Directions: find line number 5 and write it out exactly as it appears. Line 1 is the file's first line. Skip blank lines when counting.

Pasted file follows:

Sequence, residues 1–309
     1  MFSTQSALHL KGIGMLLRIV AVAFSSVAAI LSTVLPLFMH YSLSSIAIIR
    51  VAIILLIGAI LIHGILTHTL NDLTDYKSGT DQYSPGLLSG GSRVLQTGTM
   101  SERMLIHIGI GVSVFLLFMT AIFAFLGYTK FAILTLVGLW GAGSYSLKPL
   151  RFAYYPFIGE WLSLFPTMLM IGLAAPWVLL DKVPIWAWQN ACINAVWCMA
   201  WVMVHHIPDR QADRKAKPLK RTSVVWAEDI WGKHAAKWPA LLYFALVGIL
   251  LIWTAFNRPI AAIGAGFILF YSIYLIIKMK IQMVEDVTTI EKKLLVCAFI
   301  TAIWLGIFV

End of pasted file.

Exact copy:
   151  RFAYYPFIGE WLSLFPTMLM IGLAAPWVLL DKVPIWAWQN ACINAVWCMA